In fact, on paper, both of these devices are actually very boring. But there's a key piece of information Samsung hasn't announced about these devices: pricing.
Panasonic's new smartphone, the Eluga (like the whale, minus the B), is actually a pretty decent looking device. On paper, and in person. Its dual-core TI OMAP4430 processor is a proven piece of kit in phones like the DROID RAZR, and it's 4.3" qHD display isn't bad looking at all. With 1GB of RAM and 8GB of internal storage, it actually sounds like it might even be good. Yeah, the thing is, it's not. At all. Just watch the hands-on video, and you'll see why:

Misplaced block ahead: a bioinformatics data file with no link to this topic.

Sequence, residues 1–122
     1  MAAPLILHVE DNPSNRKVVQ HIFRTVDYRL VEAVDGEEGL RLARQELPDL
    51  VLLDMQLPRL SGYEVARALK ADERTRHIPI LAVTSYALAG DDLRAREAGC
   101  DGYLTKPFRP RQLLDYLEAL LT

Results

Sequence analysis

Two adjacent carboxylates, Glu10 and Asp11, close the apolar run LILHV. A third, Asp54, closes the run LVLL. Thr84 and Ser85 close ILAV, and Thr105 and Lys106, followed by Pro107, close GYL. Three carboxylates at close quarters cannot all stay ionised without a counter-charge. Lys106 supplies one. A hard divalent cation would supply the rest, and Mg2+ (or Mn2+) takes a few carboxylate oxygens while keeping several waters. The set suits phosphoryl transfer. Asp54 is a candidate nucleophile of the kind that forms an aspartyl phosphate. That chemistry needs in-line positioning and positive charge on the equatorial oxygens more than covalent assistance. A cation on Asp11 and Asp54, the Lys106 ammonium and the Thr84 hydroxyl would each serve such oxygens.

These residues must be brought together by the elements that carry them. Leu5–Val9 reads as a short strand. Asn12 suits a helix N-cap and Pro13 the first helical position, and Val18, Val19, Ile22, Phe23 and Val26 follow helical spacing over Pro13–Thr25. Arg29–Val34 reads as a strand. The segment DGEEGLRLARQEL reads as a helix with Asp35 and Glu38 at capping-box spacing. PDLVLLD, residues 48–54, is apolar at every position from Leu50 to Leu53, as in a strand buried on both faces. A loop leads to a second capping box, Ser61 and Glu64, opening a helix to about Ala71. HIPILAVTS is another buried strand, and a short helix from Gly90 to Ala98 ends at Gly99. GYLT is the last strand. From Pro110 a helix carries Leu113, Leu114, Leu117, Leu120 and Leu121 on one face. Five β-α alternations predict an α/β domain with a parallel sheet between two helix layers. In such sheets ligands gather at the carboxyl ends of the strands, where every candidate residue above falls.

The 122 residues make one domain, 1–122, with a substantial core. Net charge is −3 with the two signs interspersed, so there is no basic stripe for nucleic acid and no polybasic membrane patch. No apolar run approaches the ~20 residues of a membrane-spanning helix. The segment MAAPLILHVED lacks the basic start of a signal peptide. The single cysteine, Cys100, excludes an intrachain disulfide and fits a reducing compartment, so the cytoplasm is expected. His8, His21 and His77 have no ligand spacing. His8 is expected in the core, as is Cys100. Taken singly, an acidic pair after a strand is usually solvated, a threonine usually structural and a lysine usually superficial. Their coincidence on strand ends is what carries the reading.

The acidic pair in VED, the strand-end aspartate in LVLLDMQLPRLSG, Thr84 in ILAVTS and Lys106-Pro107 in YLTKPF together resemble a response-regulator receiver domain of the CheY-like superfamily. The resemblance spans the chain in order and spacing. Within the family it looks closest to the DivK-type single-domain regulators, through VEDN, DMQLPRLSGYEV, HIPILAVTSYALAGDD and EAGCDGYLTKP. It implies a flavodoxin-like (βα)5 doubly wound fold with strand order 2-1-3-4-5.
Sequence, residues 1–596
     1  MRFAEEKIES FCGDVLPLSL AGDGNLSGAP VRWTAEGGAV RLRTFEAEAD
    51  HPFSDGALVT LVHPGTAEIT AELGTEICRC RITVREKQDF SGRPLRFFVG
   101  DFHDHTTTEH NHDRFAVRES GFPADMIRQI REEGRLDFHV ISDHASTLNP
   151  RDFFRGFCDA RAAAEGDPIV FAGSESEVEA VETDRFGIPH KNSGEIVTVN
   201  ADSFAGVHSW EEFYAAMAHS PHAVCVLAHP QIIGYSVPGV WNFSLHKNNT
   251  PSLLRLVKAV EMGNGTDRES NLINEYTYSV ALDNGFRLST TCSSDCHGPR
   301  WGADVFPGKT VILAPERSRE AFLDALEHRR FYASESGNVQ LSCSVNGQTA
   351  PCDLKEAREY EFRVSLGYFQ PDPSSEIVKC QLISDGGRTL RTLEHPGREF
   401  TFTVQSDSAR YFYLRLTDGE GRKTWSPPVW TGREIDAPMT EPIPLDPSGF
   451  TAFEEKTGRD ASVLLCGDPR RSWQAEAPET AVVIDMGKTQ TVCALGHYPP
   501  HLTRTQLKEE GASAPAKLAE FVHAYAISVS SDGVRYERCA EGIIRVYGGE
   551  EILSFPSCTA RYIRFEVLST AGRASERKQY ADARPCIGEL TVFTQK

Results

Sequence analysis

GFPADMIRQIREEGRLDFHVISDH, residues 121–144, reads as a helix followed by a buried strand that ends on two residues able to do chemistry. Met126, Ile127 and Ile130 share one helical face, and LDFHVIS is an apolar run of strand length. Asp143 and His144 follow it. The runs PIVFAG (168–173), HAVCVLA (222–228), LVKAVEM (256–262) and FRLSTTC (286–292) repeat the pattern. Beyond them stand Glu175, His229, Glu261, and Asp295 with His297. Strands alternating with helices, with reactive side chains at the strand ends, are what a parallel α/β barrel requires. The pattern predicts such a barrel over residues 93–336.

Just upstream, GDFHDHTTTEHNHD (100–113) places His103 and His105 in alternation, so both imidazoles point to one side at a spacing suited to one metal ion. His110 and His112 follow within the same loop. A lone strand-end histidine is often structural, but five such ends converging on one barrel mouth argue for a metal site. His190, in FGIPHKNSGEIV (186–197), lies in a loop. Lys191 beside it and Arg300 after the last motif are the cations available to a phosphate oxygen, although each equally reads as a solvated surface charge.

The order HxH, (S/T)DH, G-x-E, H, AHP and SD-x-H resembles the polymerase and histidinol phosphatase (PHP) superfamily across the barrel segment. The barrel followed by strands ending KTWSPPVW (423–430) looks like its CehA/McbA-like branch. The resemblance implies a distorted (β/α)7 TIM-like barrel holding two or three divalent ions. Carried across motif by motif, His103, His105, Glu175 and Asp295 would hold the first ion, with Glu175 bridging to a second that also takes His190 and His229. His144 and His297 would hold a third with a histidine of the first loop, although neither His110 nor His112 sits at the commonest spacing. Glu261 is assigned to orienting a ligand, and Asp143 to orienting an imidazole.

Yes, they were all that slow. No, there isn't anything wrong with the video. The performance is so bad that the phone is pretty much unusable in its current state.
When we heard about rumors of Samsung releasing a 10.1-inch version of the popular Galaxy Note smartphone, we were understandably a bit skeptical. I mean, the idea makes sense - a larger Note would mean more area to use that advanced pressure-sensitive stylus. But given that Samsung has yet to announce a Galaxy Tab 10.1 successor, it seemed a bit odd. But now, the Note 10.1 is obviously for-real, and we spent a little time with it today.
First things first: the stylus works as advertised. While a bit laggier to actually display the results of the pen's input than its smaller sibling, the Note 10.1's stylus performed admirably, as you can see below (I'm super creative).